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Skills to pay the bills

Tech campus students compete at SkillsUSA competition

Cosmetologists+work+on+their+models%27+makeup+at+Skills+USA.+Caroline+Clouse%2C+junior%2C+who+participated+in+this+event%2C.+said+that+it+was+very+interesting+to+see+what+other+artists+were+doing%2C+and+that+one+of+the+participants+%22drew+a+spider+that+looked+like+it+was+alive.%22
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Skills to pay the bills

Cosmetologists work on their models' makeup at Skills USA. Caroline Clouse, junior, who participated in this event,. said that it was very interesting to see what other artists were doing, and that one of the participants

Cosmetologists work on their models' makeup at Skills USA. Caroline Clouse, junior, who participated in this event,. said that it was very interesting to see what other artists were doing, and that one of the participants "drew a spider that looked like it was alive."

Photo used with permission by Caroline Clouse

Cosmetologists work on their models' makeup at Skills USA. Caroline Clouse, junior, who participated in this event,. said that it was very interesting to see what other artists were doing, and that one of the participants "drew a spider that looked like it was alive."

Photo used with permission by Caroline Clouse

Photo used with permission by Caroline Clouse

Cosmetologists work on their models' makeup at Skills USA. Caroline Clouse, junior, who participated in this event,. said that it was very interesting to see what other artists were doing, and that one of the participants "drew a spider that looked like it was alive."

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Competitions at LZ rarely involve the use of surgical gloves or makeup brushes, blood pressure monitors or eyeshadow palettes, but the event that two tech campus students competed in is one exception.

Anthony Libman and Caroline Clouse, junior tech campus students, competed at Skills USA’s 2019 State Leadership and Skills Conference, April 11-13, where they proved their expertise in their respective fields through hands-on tasks given to them by professionals in their industry.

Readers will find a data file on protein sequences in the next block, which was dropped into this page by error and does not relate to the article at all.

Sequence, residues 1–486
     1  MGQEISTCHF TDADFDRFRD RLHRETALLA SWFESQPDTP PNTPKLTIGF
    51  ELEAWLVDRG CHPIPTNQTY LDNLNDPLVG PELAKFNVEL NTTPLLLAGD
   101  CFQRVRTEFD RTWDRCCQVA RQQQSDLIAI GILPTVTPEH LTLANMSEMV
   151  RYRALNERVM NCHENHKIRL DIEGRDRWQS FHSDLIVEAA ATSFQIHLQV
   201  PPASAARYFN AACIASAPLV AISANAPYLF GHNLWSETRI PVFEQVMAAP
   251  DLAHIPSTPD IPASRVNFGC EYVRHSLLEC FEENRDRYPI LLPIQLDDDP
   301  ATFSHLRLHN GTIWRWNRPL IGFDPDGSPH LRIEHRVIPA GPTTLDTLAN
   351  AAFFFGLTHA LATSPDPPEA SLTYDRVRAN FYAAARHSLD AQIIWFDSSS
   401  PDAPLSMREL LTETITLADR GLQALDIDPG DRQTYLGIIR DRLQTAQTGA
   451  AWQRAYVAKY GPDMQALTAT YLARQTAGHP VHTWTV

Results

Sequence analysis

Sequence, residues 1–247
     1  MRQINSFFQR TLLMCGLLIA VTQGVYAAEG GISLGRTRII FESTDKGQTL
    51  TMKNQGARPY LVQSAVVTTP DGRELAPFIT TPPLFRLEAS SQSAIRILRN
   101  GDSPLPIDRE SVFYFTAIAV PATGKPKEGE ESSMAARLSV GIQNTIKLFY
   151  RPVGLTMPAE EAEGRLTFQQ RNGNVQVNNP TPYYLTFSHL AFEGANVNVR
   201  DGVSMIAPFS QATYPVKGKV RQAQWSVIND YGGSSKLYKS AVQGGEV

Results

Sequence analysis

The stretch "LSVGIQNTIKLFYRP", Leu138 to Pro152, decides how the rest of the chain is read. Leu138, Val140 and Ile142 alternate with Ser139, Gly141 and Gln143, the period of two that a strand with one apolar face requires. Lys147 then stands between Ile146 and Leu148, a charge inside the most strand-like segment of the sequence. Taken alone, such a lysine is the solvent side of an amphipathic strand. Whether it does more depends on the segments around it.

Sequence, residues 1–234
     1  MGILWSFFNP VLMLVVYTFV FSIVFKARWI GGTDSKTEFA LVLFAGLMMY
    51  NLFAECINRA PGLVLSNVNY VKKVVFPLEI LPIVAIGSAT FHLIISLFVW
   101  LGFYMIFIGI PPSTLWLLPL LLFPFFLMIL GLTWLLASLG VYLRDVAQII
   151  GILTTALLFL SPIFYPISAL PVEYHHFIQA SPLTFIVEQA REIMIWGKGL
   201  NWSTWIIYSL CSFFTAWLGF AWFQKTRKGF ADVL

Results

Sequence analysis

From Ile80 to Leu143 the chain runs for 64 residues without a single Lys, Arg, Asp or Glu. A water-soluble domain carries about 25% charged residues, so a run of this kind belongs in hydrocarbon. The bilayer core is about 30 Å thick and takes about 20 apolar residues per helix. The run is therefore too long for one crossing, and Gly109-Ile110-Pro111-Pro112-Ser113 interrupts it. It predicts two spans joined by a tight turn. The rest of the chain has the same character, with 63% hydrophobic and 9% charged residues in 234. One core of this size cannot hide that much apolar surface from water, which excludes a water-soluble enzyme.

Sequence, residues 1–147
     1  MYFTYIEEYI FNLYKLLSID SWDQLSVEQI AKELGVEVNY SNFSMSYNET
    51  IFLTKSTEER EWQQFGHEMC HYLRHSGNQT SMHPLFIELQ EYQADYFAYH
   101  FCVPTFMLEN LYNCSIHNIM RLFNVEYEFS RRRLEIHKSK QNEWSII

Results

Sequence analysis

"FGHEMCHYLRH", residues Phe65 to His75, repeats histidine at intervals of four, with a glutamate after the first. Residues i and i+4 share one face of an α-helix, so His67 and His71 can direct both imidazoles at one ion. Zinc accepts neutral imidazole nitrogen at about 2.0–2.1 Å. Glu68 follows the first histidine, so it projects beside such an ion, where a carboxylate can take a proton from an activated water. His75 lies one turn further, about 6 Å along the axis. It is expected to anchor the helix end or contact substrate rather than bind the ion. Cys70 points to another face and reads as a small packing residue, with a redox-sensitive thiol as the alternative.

“It’s a great environment because there’s tons of employers [at Skills USA] who watch you  which gives you more of a chance of getting into whatever field you’re interested in,” Libman said, “You’re usually given a written test at first, and then after that you have to actually perform a lot of the things you would actually do in real life in that field.”

Since the competition is specialized by field, there were a variety of experiences to be had. While Libman, who placed 3rd in medical assisting, was busy measuring vitals, taking blood pressure manually, and putting on surgeon gloves, Clouse, who placed 5th in cosmetology, was tasked with doing facials and creating an optical-illusion makeup look.

For both participants, the events that they chose to do at Skills USA were directly related to their hopes for the future. Clouse said that her participation in Skills USA was not just a means to practice her cosmetology skills and work towards her long term goal of opening her own salon, but also a way to prove herself.

“I love what I do and I thought that [Skills] would be a great way to prove not only to myself but to my family that I’m serious about [cosmetology],” Clouse said. “Originally, my dad wanted me to get into real estate but doing this is showed him that I’m actually serious about [cosmetology], that I want to do this and I’m going to do well at it because nobody knows myself better than me. And now my dad is very proud of me and he says he couldn’t imagine me anywhere else now.”

 

Photo used with permission of Anthony Libman
Anthony Libman, junior, standing with his 3rd place plaque and his medical assisting teacher. Through her lessons at tech school. Libman said he was well prepared for his Skills USA event..

Libman also chose to participate in his event for a reason: in the future, he hopes to become a registered nurse. After competing in medical assisting this year, he says that he will most likely compete in nurse assisting next year, as stepping stones towards his dream.

 

“I volunteered at Good Shepherd last summer, which introduced me to the medical world,  and it just seemed really interesting to me,” Libman said. “I liked helping the patients and everything and I didn’t do much then, but I still liked that experience so I thought if I got to do that on a higher level I’d enjoy it even more.”

Although both students said their tech campus curriculums had prepared them for the competition, Clouse admitted that her nerves still came out during her event.

 

“It was a little nerve-wracking because there’s judges standing over you and they’re not critiquing you, but you can tell they kind of want to,” Clouse said. “At the same time, though, I was like, ‘this is what it’s going to be like in the real world’ and I got a little bit of real world experience because I had a model to work on, who was essentially my client.”

After their experiences at Skills USA, both Clouse and Libman say they have learned important lessons that they will take with them when they compete again next year. For Clouse, she said the feedback she got from her judges was invaluable, and while Libman realized the importance of “try[ing] new things because at first, I was super hesitant about going, but at the end, it was worth it.”

 

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